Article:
Unique collaboration will offer world class programs for local Native American and Hispanic Filmmakers
New Mexico Governor Bill Richardson today announced a new collaboration between Robert Redford and the State of New Mexico that is currently referred to as “Sundance in New Mexico.” The initiative will partner with the Department of Cultural Affairs and the New Mexico Film Office to create and expand upon training programs in film, arts, and the environment. These programs will be designed specifically for New Mexico’s Native American and Hispanic filmmakers. The Governor was joined by Mr. Redford at a news conference today at the State Capitol in Santa Fe.
“This marks a new level of commitment on the part of Bob Redford and my administration in supporting the underrepresented voices in our culture, to job creation through the arts, and to the power of partnerships built on mutual goals and aspirations,” said Governor Richardson. “The Redford and Sundance names are held in high esteem around the globe, and are synonymous in most people’s minds with innovation in the arts, advocacy of the environment, and public policy reflecting both. This is a tremendous opportunity for New Mexico’s Native American and Hispanic filmmakers, and for the state as a whole.”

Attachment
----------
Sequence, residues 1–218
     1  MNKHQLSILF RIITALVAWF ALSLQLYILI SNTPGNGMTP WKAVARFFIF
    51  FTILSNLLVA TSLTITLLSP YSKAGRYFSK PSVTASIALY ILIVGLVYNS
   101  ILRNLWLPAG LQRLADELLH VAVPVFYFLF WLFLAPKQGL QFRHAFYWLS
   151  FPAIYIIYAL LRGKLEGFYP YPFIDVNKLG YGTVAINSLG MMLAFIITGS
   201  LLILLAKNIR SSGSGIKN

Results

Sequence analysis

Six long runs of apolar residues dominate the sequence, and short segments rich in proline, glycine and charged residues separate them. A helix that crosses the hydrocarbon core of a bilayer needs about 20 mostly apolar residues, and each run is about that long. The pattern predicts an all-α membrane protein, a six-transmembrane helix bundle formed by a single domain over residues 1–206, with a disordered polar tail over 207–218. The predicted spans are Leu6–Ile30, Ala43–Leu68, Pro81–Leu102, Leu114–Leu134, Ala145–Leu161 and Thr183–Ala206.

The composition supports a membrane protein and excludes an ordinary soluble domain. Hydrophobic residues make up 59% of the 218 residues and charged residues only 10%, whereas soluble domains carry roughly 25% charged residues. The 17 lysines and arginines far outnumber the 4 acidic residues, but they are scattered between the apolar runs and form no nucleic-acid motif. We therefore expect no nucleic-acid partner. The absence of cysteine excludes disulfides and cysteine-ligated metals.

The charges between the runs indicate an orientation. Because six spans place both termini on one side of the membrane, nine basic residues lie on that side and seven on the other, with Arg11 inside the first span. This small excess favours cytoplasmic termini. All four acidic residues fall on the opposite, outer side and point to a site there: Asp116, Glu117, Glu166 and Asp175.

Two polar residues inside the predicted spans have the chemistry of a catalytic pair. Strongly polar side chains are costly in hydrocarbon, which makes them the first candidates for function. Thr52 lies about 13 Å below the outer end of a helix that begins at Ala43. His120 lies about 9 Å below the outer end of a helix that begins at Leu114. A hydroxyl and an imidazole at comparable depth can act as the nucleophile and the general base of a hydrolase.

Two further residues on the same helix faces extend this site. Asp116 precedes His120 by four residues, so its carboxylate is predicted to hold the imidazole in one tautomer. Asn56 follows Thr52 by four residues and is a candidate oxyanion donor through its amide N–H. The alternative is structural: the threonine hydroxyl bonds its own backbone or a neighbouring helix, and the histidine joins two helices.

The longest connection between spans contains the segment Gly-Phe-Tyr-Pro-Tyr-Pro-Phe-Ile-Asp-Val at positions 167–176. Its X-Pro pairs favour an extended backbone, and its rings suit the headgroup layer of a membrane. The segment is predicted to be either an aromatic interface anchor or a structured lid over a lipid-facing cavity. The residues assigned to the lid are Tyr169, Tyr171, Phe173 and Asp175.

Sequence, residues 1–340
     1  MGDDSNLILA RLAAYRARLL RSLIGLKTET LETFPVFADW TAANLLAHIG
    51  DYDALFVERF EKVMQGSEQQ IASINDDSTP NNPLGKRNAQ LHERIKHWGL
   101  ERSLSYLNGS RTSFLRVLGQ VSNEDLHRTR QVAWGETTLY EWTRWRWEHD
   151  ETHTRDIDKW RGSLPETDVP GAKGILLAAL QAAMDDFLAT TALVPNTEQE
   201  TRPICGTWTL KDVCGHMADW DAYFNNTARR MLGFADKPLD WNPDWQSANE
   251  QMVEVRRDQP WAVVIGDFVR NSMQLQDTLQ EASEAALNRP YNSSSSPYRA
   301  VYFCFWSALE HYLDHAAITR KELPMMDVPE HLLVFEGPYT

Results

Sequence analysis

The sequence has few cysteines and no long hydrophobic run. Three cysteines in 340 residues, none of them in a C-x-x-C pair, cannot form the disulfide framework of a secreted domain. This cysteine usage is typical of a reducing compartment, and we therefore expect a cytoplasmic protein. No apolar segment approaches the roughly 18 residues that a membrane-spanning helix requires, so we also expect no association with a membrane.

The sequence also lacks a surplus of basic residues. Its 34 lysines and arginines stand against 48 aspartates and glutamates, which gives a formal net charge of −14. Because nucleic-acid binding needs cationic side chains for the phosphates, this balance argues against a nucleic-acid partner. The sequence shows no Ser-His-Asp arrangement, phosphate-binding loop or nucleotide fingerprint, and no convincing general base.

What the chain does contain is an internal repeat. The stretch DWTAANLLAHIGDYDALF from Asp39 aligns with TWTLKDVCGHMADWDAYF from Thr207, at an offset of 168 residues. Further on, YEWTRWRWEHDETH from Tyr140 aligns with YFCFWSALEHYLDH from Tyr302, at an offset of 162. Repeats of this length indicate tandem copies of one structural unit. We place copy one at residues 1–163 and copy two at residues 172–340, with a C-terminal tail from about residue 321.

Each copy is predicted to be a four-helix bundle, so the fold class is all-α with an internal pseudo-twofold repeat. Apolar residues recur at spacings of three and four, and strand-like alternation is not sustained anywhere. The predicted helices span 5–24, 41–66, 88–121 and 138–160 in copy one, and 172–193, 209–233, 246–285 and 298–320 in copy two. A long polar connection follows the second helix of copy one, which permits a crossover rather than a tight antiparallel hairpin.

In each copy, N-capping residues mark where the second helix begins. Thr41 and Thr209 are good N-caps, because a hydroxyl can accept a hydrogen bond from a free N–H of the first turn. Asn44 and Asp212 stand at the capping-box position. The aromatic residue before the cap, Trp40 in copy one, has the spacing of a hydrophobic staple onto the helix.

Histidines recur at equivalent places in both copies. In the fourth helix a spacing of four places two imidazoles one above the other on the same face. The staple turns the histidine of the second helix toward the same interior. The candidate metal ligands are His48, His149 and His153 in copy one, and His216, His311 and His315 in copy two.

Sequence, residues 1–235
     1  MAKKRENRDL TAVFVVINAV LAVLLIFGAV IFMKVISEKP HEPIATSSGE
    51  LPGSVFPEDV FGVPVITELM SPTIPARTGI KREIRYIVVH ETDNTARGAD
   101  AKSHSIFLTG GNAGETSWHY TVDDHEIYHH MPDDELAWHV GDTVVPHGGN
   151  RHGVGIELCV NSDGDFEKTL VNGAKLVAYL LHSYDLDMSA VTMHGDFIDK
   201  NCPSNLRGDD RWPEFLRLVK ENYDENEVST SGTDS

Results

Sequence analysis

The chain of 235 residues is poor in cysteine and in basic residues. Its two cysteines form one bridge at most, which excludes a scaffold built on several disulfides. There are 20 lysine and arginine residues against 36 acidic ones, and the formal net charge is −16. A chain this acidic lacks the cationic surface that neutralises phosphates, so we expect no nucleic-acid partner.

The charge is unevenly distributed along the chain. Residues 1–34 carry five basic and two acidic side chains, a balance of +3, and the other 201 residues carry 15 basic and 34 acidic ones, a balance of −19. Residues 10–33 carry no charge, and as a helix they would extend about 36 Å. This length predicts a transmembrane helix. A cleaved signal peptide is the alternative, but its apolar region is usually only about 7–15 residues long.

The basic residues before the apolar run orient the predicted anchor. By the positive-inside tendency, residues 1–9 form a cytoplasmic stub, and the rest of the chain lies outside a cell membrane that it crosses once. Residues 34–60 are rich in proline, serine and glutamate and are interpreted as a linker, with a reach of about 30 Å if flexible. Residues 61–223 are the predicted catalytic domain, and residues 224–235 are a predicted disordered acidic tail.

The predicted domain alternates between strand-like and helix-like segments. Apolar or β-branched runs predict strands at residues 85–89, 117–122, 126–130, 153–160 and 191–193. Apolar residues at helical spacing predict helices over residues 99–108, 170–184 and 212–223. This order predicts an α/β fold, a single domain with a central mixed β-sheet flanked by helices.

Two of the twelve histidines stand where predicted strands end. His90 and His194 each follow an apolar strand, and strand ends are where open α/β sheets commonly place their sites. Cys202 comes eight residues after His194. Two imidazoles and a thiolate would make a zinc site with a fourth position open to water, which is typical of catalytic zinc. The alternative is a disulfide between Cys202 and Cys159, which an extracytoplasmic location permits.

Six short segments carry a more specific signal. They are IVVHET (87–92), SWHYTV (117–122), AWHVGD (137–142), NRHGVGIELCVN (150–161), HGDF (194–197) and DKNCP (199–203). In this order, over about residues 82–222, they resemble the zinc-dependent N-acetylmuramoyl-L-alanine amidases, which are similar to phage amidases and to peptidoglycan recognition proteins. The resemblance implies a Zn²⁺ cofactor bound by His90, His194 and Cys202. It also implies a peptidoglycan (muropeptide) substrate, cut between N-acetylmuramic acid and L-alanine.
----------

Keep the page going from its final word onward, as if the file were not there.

“My love of New Mexico goes back many, many years,” said Robert Redford. “My commitment to this state began with The Milagro Beanfield War.”
Sundance in New Mexico will be based at historic Los Luceros in Northern New Mexico, a cultural treasure located along the Rio Grande that is owned and operated by the New Mexico Department of Cultural Affairs. In use as early as 1350 by the Tewa people of Pfioge Pueblo, Los Luceros ultimately was pivotal in the development of commerce and government in New Mexico.
“We are pleased that this collaboration will allow the Department to fulfill its dual mission of protecting the state’s cultural heritage, while providing educational programs that will benefit the people of New Mexico,” said Stuart Ashman, Secretary of the Department of Cultural Affairs.
Robert Redford has a long history with New Mexico, dating back to the 1988 movie The Milagro Beanfield War. The actor-filmmaker is also well known for his environmental activism.
Mr. Redford founded the Sundance Institute in 1981, a not-for-profit organization that fosters the development of original storytelling in film and theatre. It is internationally recognized for its artistic development programs for directors, screenwriters, producers, film composers, playwrights and theatre artists. Sundance – the place – in the mountains of Utah, also reflects Mr. Redford’s lifetime commitment of bringing together the arts and the environment.
“During these tough economic times, it is imperative to create partnerships which allow film and arts initiatives to not just survive, but to flourish,” said Lisa Strout, Director of the New Mexico Film Office. “This opportunity is an honor and a gift to the State of New Mexico.”
The costs for Sundance in New Mexico will be covered with existing appropriations for the operation of Los Luceros.
In his remarks, Governor Richardson recognized New Mexico Speaker of the House Ben Lujan for his leadership and ongoing dedication and support of Hispanic and Native American filmmakers in New Mexico.
For more information on Sundance in New Mexico contact Kathleen Broyles - (505) 476-5604 or email firstname.lastname@example.org.
Photos provided by the State of New Mexico.